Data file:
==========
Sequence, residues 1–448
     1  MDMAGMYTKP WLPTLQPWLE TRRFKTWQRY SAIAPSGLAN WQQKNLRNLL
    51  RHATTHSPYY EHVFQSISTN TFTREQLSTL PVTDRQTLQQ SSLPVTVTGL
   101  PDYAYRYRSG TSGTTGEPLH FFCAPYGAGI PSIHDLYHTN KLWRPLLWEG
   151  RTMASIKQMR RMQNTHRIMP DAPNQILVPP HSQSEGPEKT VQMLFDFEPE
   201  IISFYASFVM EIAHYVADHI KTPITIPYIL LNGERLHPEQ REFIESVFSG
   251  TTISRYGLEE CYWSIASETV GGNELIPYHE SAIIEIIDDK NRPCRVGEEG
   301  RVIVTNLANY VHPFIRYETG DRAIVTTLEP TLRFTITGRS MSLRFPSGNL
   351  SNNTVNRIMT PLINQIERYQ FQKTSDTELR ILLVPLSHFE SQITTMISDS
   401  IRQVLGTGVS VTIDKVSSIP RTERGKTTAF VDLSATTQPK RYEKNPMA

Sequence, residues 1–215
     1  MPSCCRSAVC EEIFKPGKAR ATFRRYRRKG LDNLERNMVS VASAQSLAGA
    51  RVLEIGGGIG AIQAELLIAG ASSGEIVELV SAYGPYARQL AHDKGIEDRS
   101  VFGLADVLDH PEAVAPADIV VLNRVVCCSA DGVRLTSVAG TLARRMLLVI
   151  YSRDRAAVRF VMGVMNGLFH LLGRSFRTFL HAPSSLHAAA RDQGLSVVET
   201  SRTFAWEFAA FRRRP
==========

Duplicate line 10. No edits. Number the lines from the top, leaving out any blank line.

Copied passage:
   401  IRQVLGTGVS VTIDKVSSIP RTERGKTTAF VDLSATTQPK RYEKNPMA